The first-place Nationals have limped out of the All-Star break, but they are about to get a boost to their lineup, as infielder Anthony Rendon has been activated from the 15-day disabled list after missing the past month with a strained left quad.
Rendon began a minor league rehab assignment a week ago with High-A Potomac and went 8-for-17 (.471) with two doubles over six games. He’s playing second base and batting second in his return tonight against the Pirates. Meanwhile, Yunel Escobar is back at third base after missing two games with a sore left wrist.
Rendon began the season on the disabled list with a sprained MCL in his left knee before suffering an oblique strain, so he has only appeared in 18 games this season. Finally having him healthy down the stretch would be huge for the Nationals, who also have Jayson Werth, Ryan Zimmerman, and Denard Span making their way back from injuries.
Nationals center fielder Denard Span has been playing through a back injury for the past month, missing games on and off while actually performing very well. Recently the pain became to much to play through and now he’s been placed on the disabled list with what the team is calling “back tightness.”
No one seems quite sure what the exact problem is and Span sought further details from a back specialist, with manager Matt Williams calling the situation “perplexing” earlier this week.
Span has hit .304 with five homers and a .798 OPS in 59 games for his best production since 2009, but now he joins left fielder Jayson Werth, third baseman Anthony Rendon, first baseman Ryan Zimmerman, and right-hander Stephen Strasburg on a crowded, star-stuffed Nationals disabled list.
As we noted before, Bobby Bonilla’s deferred deal with the Mets isn’t anywhere near as bad and mockworthy as it’s often made out to be. But the fact is, it isn’t even the worst in the game, either as far as the money or the optics go.
Check out some of these gems, most of which was gathered from an article by ESPN’s Doug Mittler back in 2012:
- Manny Ramirez has a 16-year, $32 million deferred money deal from the Red Sox which, like Bonilla’s, kicked in on July 1, 2011. It costs them $1.968 million a year and goes through 2026 when Ramirez is 54;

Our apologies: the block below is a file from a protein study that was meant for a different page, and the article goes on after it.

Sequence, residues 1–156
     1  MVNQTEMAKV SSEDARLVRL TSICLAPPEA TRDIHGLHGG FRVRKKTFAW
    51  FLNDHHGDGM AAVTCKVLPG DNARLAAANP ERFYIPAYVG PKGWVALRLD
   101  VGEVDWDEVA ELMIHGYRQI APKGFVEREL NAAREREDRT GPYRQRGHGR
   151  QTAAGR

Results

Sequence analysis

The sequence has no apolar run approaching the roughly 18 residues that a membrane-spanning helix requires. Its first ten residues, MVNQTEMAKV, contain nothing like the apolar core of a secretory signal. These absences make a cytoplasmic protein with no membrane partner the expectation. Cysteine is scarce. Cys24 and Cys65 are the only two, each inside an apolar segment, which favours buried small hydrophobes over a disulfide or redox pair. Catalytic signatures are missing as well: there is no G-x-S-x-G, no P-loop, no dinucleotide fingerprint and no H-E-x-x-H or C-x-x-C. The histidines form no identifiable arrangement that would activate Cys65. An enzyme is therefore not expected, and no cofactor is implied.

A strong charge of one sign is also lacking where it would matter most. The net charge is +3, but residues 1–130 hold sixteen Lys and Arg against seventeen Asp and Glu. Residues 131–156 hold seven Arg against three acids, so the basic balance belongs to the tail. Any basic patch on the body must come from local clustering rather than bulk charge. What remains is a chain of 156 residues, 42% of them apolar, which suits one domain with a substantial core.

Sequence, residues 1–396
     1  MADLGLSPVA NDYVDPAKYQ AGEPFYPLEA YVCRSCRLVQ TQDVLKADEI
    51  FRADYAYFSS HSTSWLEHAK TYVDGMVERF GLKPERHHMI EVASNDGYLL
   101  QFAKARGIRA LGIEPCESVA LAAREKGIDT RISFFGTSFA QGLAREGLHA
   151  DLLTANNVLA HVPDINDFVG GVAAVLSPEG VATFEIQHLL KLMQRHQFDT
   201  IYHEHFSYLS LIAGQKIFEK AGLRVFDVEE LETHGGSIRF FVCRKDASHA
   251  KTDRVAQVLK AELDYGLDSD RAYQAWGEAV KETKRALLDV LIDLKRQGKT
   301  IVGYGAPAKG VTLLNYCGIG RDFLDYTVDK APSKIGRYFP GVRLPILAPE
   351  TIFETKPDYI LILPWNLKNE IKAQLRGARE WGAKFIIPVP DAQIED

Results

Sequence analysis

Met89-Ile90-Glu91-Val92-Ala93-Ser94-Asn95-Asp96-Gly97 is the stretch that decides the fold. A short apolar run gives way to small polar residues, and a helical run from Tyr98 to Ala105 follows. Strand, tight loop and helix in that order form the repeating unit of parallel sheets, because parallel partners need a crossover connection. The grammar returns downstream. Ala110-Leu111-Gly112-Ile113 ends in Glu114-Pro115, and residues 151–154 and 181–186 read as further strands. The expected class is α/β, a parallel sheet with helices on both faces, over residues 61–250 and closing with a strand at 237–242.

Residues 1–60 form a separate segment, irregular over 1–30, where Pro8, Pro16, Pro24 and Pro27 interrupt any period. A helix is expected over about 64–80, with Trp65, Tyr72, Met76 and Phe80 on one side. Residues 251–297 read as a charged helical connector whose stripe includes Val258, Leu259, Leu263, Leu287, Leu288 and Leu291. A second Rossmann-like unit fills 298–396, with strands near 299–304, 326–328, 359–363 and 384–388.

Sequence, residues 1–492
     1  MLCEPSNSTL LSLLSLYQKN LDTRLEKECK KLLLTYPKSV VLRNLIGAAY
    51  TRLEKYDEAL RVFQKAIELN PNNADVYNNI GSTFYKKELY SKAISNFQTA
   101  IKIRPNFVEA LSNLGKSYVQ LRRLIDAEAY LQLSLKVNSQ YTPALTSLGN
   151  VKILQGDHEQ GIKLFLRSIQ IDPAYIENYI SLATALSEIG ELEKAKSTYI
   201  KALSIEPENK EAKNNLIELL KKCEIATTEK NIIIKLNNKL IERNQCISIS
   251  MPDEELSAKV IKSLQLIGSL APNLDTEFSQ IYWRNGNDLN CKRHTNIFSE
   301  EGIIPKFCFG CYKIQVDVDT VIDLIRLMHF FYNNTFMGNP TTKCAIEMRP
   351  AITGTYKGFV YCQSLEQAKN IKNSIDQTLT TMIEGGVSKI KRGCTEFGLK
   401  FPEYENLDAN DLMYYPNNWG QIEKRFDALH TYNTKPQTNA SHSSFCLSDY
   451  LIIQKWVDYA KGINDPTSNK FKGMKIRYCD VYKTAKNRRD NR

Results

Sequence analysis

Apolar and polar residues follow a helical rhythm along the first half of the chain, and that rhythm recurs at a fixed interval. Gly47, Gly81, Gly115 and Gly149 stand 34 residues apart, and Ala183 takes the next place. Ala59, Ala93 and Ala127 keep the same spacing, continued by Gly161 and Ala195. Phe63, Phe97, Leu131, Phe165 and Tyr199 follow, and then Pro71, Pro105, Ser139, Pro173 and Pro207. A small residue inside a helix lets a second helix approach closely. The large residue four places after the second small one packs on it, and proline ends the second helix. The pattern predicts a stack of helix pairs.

- The Cardinals are paying Matt Holliday to play now, but they’ll still be paying him through 2029 under the $120 million, seven-year contract he signed in 2010;
- Retired Rockies first baseman Todd Helton deferred $13 million of his 2011 salary (total was $19.1 million) and will be paid through 2024;
- The Nationals will pay Ryan Zimmerman $10 million over five years after he’s retired, with a nominal organization job;
- Ryan Braun will receive $18 million in payments in equal installments each July 1 from 2022 to 2031;
- The Tigers are still paying Gary Sheffield between $1 million and $2.5 million annually through 2019;
- The Mariners are paying Ichiro Suzuki a chunk of his last big deal through the year 2032;
- The Reds signed Ken Griffey Jr. to a $116.5 million contract in February 2000, but more than half of that is still being paid by the team and will continue to be so until Griffey is in his 50s.
My favorite one, however, has to be from my Atlanta Braves, who tried to make a big splash by signing Bruce Sutter before the 1985 season. He was a bust of course, but this is how he was paid. From a 1985 Los Angeles Times report:
Bruce Sutter was to receive payments totaling $44 million over the next 36 years from his new club, the Atlanta Braves . . . Sutter will receive a $750,000 salary for each of the next six years and a minimum of $1.12 million a year for the remaining 30 years of the contract. In addition, he will get the $9.1 million in so-called “principal” at the end.
Bruce. Sutter. And you think Bobby Bonilla’s deal was a bad one.